1 - I printed the whole program out on paper. (easier for me to read)

 2 - Started to follow program flow,  drawing lines and arrows to where I want to move my Functions and Procedures.

 3 - Now I am "Cutting" and "Pasting those blocks and code into a more logical program flow.

 

   It is amazing once I started making relocation lines on how much "Spagehti" code became apparent.

 

Give it a try.  Maybe that might help solve your problem.

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What I wanna know, is what you've done to organize the code better. Have you tried refactoring stuff and simplifying things into parameters and whatnot, so as to not have to write the same code over again and so on? I'm definitely not a professional myself, but one of the most important things I've learn from a professional, is how to code placeholders when you only need something basic and then be sure to refactor it later, either by extending upon it or tightening it up (or both).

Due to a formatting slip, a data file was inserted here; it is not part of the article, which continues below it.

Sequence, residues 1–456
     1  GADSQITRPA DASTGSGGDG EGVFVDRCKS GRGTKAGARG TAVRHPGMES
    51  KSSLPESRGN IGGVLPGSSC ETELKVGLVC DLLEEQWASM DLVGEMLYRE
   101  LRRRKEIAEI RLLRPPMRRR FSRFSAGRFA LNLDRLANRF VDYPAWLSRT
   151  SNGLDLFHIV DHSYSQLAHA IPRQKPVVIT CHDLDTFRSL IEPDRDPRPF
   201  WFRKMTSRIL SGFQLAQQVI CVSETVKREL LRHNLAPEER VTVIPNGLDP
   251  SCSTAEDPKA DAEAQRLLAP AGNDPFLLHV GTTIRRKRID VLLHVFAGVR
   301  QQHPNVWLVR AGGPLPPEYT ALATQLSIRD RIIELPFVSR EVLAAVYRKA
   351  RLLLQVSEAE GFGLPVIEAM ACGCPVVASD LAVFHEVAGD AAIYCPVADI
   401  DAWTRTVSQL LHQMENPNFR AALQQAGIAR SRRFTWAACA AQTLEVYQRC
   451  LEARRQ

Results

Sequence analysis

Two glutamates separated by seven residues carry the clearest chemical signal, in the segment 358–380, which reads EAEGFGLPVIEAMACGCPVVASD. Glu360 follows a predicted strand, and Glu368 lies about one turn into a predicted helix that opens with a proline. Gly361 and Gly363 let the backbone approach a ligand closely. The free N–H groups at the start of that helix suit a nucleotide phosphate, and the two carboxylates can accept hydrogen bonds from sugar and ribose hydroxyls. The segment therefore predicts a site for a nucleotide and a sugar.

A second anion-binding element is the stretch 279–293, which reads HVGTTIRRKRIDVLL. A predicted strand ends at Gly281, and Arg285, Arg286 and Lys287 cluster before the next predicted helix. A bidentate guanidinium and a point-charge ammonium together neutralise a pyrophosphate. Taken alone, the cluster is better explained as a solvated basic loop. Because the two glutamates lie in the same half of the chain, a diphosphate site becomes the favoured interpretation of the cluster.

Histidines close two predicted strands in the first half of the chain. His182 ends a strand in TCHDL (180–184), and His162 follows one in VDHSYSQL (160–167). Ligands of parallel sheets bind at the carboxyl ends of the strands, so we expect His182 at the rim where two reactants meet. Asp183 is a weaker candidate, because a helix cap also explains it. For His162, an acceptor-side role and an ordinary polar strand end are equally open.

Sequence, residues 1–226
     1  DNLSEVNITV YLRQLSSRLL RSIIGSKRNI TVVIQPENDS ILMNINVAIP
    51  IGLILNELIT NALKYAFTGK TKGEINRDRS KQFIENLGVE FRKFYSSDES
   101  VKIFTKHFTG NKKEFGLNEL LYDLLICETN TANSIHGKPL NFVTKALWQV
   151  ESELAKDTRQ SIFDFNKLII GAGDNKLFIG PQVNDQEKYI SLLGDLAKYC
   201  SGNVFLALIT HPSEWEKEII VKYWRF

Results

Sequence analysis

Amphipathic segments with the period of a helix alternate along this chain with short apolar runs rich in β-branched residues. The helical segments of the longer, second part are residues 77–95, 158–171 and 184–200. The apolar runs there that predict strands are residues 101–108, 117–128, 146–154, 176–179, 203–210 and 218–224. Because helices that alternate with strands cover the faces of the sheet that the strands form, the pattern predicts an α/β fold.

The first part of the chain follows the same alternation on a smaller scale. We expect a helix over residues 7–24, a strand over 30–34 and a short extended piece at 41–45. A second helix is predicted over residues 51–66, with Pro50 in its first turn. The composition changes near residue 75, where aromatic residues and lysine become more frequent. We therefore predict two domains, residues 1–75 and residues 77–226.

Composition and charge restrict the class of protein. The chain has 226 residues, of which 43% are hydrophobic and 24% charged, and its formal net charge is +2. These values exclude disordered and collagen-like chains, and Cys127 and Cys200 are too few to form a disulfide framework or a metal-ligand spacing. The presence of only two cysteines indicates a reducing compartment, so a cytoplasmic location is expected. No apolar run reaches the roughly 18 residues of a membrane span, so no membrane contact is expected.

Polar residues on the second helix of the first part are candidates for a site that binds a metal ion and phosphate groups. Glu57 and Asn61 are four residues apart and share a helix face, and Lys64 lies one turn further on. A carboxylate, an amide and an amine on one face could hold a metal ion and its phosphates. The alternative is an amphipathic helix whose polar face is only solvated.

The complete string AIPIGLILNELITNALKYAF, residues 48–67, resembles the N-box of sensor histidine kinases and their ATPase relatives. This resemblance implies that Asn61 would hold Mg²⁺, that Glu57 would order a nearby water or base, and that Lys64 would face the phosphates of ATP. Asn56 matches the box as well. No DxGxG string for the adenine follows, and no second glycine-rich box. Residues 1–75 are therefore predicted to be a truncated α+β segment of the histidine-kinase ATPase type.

If you feel like you're digging yourself into a hole, then maybe now's the time to go through your code and reorganize it. Programming a game is almost like micromanaging economy-based games, like SimCity. I constantly think about how I can make everything simpler and more economic, looking at every single detail and tweaking it just a bit, not too much. The further you are into the process (i.e. the more complex it is), the more can go wrong. Especially if you got jumbled up code.

Edited by Malabyte